Trust funds and partnerships are important tools to help the World Bank Group adapt to a fast-changing development finance landscape. Partnership programs are increasingly used to engage nongovernmental and private sector partners and link their knowledge and financing to the Bank Group’s capacity to deliver solutions in client countries.
Trust funds and partnership programs serve as a complement to IDA and IBRD financing. ( Fact Sheet on World Bank Trust Funds
DFi is responsible for creating and disseminating the policies and business processes of trust funds and partnership programs, as well as serving as trustee of large global funds, known as financial intermediary funds.
The unit helps develop and manage the Bank’s partnership and trust fund business operations by serving as a liaison between external and internal clients on strategy, policy, program management, and best practices. DFi also facilitates the establishment of trust funds.
DFi manages the World Bank’s role as trustee of FIFs. This entails providing financial services including receiving, holding and investing contributed funds, and transferring them when instructed by the FIF governing body. Under some FIFs, the Bank also provides customized treasury management or other agreed financial services. FIF trusteeship does not involve overseeing or supervising the use of funds.
DFi serves as trustee for more than 20 of the largest multilateral trust funds managed by the Bank, including the Global Environment Facility (GEF), the Climate Investment Funds, HIPC Debt Initiative, the Consultative Group on International Agricultural Research, the International Finance Facility for Immunisation, and the Global Fund to Fight Aids, Tuberculosis and Malaria (GFATM).
The unit is also responsible for cross-sectoral programmatic trust funds, including the Policy and Human Resource Development (PHRD), the Japan Social Development Funds (JSDF), the Avian and Human Influenza Facility (AHI), and the Bank-Netherlands Partnership Program (BNPP).
In the area of partner relations, DFi helps maximize resources mobilized from traditional and new development partners. The unit leads high-level strategic consultations between the World Bank Group and its development partners. Through these consultations, DFi supports identification of shared development priorities and understanding of the opportunities presented by various World Bank Group funding channels. DFi also facilitates coordination among World Bank business units by providing early and regular reporting on fundraising activities.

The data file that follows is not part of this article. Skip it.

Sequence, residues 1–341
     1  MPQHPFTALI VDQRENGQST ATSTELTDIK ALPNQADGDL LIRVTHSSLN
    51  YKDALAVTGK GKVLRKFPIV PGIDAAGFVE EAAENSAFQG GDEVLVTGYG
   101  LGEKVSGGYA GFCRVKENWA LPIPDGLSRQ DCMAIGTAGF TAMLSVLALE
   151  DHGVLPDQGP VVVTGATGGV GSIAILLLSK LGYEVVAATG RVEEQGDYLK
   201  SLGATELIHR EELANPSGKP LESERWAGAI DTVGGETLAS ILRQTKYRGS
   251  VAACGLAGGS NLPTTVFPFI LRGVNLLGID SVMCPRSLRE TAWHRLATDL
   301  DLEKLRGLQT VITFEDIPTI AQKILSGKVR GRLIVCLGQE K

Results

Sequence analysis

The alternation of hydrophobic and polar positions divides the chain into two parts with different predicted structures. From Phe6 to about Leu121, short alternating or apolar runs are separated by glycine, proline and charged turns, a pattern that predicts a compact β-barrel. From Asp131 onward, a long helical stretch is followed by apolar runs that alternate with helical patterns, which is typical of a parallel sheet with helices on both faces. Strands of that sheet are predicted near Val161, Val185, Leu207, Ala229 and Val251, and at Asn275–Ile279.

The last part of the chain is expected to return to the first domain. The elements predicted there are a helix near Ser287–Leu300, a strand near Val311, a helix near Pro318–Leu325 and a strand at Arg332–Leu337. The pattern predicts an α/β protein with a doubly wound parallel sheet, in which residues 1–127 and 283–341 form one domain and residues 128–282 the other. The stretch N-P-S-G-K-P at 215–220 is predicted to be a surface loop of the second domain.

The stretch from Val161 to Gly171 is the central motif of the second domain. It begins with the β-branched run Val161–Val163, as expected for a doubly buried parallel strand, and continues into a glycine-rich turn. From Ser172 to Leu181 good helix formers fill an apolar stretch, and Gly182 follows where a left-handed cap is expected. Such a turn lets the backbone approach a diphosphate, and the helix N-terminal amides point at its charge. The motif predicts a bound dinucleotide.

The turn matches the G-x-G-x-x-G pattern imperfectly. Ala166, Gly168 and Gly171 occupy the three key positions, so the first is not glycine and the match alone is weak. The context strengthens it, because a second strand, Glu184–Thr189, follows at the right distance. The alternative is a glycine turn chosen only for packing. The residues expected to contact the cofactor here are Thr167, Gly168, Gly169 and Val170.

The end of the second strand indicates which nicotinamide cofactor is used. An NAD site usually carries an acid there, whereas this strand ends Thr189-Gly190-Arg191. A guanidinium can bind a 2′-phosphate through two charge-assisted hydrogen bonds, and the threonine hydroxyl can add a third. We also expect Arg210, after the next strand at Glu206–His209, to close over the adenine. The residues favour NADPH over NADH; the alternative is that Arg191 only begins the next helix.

GLOBAL AGRICULTURE & FOOD SECURITY PROGRAM (GAFSP) - is a Financial Intermediary Fund, and the Coordination Unit is housed at the World Bank. They work in partnership with these Supervising Entities: African Development Bank (AfDB), Asian Development Bank (ADB), Food and Agriculture Organization (FAO), Inter-American Development Bank (IDB), International Fund for Agricultural Development (IFAD), World Bank, and World Food Programme (WFP). The Private Sector Window is managed by the International Finance Corporation (IFC).
1818 H Street, NW Washington, DC 20433 USA
World Bank Group: Morgan Graham, +1 (202) 458-7097, firstname.lastname@example.org
SDGs – The Senior Vice Presidency for the 2030 Development Agenda, United Nations Relations and Partnerships (SVPMM) maintains extensive contacts throughout the World Bank Group, the United Nations and other partners in order to build and manage various political, intergovernmental and inter-agency partnerships across a range of thematic and technical agendas. Led by Senior Vice President Mahmoud Mohieldin, the unit has offices in Washington DC, New York, and Geneva.
THE PLASTIC MENACE
One of the main issues to recognise and overcome is not taking plastic out of the ocean, but cutting through umpteen levels of bureaucracy, multiplied by 20 countries. We would spend more time negotiating with each country to get the bureaucrats to agree on levels of contribution, then on how to deal with the problem, than actually dealing with the problem.
One possible solution that we are here proposing is to create an Ocean Alliance against plastic, specifically to target the build up of associated problems for our next generations and cut through the red tape to get to the blue tape.
By coordinating world efforts cost effectively we may speed up the development of potential solutions. Administrative delays are the enemy of progress, only normally cut through in times of war.
This is a proposal that is designed to reduce the cost of our administration, where applying for grants from different groups is sapping our efforts. This is because most application processes are complicated and time consuming, with significant delays between calls and funding - and of course - no guarantee of success. We might skip over much of the red-tape by asking countries directly for contributions for membership to an Ocean Alliance. We call this our blue tape method.